In this Art of The Cut interview, editor Steve Hullfish chats with Steve Audette on his process of crafting a documentary for Frontline, in this particular case it’s the show ‘League of Denial’ about the NFL’s denial on player concussions. It’s a fantastic article, with step-by-step workflow details and images as well as some great little snippets of video that really highlight the points that the ‘Steves’ make in the flow of their conversation.
HULLFISH: One of the things you use a lot is visual metaphors, buildings to stand in for institutions… various shots that the viewer needs to recognize as being representative, not literal.
AUDETTE: That’s actually a very important point. I try to never underestimate my viewers. In fact, one of the signs we have in our edit room is “Speak to peers.” When we’re cutting that kind of stuff we say, “Let’s not make it boring for them, but at the same time let’s make it visually interesting and have action to keep the pace up.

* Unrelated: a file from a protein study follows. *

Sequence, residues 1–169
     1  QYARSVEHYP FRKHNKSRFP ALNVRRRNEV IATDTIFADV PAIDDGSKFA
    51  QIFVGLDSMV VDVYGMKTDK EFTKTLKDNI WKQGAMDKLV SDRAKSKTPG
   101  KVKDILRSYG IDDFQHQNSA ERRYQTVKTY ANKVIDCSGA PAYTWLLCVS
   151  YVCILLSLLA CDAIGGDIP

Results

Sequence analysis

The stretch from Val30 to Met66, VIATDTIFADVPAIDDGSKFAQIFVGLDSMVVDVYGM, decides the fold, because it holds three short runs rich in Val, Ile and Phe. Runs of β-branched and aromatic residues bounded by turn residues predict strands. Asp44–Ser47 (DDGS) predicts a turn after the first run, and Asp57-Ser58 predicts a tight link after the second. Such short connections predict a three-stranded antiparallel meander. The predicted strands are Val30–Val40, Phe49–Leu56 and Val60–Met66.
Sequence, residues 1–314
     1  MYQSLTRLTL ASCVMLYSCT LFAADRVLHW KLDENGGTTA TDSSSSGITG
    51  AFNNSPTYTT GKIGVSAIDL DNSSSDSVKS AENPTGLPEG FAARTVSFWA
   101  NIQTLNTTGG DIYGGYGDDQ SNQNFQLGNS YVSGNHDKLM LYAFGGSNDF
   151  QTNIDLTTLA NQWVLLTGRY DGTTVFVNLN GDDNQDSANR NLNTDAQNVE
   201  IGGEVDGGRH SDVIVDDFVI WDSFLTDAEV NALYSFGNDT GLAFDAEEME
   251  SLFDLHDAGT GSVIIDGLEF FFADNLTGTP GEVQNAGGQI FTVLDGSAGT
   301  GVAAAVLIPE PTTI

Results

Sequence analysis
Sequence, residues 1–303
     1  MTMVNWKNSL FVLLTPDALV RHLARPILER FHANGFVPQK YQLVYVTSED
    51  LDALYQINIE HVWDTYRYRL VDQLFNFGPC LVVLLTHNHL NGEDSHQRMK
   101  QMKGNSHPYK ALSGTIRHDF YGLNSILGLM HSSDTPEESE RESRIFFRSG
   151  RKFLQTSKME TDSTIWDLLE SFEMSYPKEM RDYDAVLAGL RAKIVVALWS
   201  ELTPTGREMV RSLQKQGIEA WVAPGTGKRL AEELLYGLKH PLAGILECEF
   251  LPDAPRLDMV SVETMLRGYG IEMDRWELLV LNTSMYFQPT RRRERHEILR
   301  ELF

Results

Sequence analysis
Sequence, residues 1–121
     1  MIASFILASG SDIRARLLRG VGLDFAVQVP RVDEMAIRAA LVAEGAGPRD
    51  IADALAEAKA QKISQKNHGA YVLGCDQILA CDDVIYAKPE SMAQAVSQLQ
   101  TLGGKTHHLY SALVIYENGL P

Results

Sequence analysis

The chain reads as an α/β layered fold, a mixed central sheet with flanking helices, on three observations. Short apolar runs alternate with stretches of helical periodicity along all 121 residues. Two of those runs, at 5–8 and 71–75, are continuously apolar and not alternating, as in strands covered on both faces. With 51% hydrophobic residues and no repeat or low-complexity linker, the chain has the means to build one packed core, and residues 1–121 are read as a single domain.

I’m always trying to make sure that I am making a visual environment that is compelling as the bed of the story. But for me, the audio is the story. The sound effects and sound design work that I do is an attempt to create a 3D world in which that story can live. It’s the only element that allows the universe to lift off the 2D world of the screen. So that narrative is being held up by a bed of beautiful stereoscopic sound and then on top of that are images that are compelling and cut well so that the mind’s eye can be drawn into the story. It’s all about details, every image is thought about and presented in a way that is consistent in the narrative and is consistent with the story we’re trying to tell.
Twitter Tips from @Stevecutsdocs
— Steve Audette, ACE (@stevecutsdocs) November 29, 2015
In these tweets from Steve you can pick up some further tips and tricks when it comes to getting the most out of Avid and keeping your project on track.
— Steve Audette, ACE (@stevecutsdocs) February 23, 2016
— Steve Audette, ACE (@stevecutsdocs) March 4, 2016
— Steve Audette, ACE (@stevecutsdocs) March 1, 2016
UPDATE – More Tips
— Steve Audette, ACE (@stevecutsdocs) April 22, 2016
— Chris Bové (@heybove) April 22, 2016
I look for repetitive bites or even a bit of a scene that can be trimmed. https://t.co/2Angji0yhc
— Steve Audette, ACE (@stevecutsdocs) April 22, 2016